In building an sentient alien that is unique among the sea of humanoids, I aspire to explore quadrupeds. For a quick visual reference, this is what I have: The quadrupedal race that uses two "tail tentacles" as graspers

proportions are definitely off, but in reality they'd probably be more bear or cat-shaped, or some mixture of the two

Key features:

  • Split prehensile tail
  • Size of a polar bear
  • Adapted to cold climates

The main thing I'm having issues with is the prehensile tail. For this species, it's the key to their tool use and advancement to a sentient race. However, aside from a best-case-scenario arboreal evolution history, I'm having difficulties justifying a possible evolutionary path that leads to a split in the tail, resulting in two dexterous "tentacles". So, the first set of questions is thus: is a prehensile tail even a plausible way to use tools and advance? If so, could a prehensile tail "split" as shown? Even if it's possible to split the tail, is this even necessary to allow the species to effectively use tools?

As a side thought, I'm also taking into account the rest of the creature's physiology. Humans do not have fur or a thick layer of blubber to keep us warm; that costs energy. Energy that could be better used to enhance the brain. So, even with a thick layer of fur, could this race still have enough energy to attain sentience?

To be on the same page, I use sentience in this fashion: intelligent enough to form complex social networks that turn herds or packs into tribes, and then into towns, cities, and nations.

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    $\begingroup$ just a quick suggestion, instead of a split tail your creatures can have tentacles as shown in AVATAR movie (Like the horses and aliens), but these tentacles can work as fingers to perform complex tasks, instead of forming brain connection. But as of the "possible evolutionary path", I don't know. $\endgroup$
    – V.Aggarwal
    Mar 20 '19 at 4:45
  • $\begingroup$ Welcome to worldbuilding. Please take the tour and visit the help center to make yourself familiar with our site. I would advise you to narrow down your question: you ask multiple questions here, while we prefer one question per post. $\endgroup$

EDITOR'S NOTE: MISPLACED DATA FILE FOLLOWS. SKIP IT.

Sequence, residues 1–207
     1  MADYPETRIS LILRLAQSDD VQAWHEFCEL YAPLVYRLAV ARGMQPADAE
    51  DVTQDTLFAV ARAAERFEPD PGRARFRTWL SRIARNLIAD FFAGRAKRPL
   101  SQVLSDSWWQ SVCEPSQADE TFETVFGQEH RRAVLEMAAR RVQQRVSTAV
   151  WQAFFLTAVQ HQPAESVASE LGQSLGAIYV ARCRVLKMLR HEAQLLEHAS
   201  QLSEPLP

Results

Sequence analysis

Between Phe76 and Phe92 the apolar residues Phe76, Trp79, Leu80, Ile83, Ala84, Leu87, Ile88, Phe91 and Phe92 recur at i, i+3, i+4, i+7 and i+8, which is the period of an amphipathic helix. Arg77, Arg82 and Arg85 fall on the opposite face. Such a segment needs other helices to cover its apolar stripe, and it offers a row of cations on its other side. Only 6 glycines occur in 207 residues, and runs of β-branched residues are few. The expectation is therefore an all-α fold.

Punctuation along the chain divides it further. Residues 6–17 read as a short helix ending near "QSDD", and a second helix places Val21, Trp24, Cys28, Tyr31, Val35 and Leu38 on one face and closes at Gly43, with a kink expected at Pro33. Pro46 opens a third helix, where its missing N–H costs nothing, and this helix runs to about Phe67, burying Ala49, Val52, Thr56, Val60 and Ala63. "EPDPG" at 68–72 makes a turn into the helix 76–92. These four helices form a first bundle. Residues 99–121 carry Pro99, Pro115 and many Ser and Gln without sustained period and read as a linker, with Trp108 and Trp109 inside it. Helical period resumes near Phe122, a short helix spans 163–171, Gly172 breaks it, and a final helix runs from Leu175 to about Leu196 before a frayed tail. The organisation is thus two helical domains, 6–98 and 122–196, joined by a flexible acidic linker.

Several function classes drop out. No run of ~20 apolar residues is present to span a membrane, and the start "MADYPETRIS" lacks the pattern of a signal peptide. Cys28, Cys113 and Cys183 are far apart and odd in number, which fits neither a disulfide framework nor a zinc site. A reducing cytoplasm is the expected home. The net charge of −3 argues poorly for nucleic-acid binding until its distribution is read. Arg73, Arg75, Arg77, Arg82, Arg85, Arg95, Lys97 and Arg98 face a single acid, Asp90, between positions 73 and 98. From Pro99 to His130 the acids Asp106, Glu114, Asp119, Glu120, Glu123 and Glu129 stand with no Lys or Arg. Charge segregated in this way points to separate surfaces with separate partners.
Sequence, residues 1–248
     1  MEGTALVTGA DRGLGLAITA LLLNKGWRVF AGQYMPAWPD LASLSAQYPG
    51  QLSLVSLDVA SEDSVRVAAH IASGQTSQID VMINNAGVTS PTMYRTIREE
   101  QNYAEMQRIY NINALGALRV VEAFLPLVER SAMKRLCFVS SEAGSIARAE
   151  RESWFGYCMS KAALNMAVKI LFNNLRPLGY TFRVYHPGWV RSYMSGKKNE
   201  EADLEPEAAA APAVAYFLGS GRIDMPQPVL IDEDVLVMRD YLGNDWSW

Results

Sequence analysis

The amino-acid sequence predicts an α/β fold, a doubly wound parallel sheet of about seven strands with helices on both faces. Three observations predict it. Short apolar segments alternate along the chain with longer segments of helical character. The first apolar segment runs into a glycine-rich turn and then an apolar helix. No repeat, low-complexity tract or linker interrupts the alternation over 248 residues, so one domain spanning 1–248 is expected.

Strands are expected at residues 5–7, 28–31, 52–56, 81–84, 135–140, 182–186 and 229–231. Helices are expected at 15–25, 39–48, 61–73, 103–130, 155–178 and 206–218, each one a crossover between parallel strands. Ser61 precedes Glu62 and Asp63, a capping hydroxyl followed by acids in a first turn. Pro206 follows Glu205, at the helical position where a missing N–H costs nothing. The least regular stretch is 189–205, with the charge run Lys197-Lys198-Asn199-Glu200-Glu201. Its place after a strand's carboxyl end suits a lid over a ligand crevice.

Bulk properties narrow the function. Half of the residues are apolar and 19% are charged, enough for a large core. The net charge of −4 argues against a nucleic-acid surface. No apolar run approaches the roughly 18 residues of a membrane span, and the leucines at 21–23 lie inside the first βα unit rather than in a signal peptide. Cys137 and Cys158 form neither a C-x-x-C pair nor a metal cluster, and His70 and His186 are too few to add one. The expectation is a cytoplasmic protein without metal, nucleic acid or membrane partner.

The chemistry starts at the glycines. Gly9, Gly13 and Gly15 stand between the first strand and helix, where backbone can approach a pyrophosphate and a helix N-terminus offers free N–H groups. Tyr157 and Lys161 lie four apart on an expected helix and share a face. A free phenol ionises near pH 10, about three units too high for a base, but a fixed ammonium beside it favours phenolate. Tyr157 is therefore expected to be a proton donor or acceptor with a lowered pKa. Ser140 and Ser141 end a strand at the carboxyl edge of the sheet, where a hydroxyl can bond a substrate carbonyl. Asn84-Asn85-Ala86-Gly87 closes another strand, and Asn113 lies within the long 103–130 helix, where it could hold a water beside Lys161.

– L.Dutch
    Mar 20 '19 at 6:34
  • $\begingroup$ That is true, I see what you're saying Aggar. Though that's something that isn't commonly seen in nature, which is why I went for more simple tentacles. Though I suppose the "fingers" on an elephant's trunk could also be a possibility? Also apologies! I'll find time to narrow the question down a bit and perhaps ask the other in a different post :) $\endgroup$
    – Duncan
    Mar 20 '19 at 7:41
  • $\begingroup$ maybe research how elephants got their nose-with-gripping. might be possible to steal a page or two from that $\endgroup$
    – sp2danny
    Mar 20 '19 at 14:48
  • $\begingroup$ You may want to read this similar thread about snake sapience and tail usage: worldbuilding.stackexchange.com/questions/55891/… $\endgroup$
    – rek
    Jun 22 '20 at 23:52

Used to be cute and little

Just because now they are huge doesn't mean they were always. At one point they used to jump from tree to tree using it to grab branches.

Given a few evolutions they now live on the ground and use their tail to create nests.

Given a few evolutions and an ice age: They grew to be much bigger and able to put on the pounds of fat and fur needed to survive long cold nights. They're tail was now used to find and dig out food from the snow and ice.

Evolution happens again (does it ever stop???): It now knows to throw things.

Fast forward: They throw rocks at walls and collect the sharp pieces. Hunting/Foraging is now much easier. Brains gets bigger.

Blink: Fire can now be created at whim.

Blink: Farms now start.

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    $\begingroup$ This is true! Apes started as little shrews that climbed trees,so this creature could have a similar start. Though, as a nitpick, I'm not sure how effective a tail is for digging up food when they have a pair of powerful claws instead. The tails are long and provide reach, though, so perhaps that gives them some sort of advantage, and I can continue to follow your evolutionary path $\endgroup$
    – Duncan
    Mar 20 '19 at 17:52
  • $\begingroup$ @Duncan: there’s something to be said for a bit of dexterity sometimes when digging. Brute force alone might not suffice to move a troublesome rock or root out of the way. $\endgroup$
    – Joe Bloggs
    Mar 20 '19 at 18:47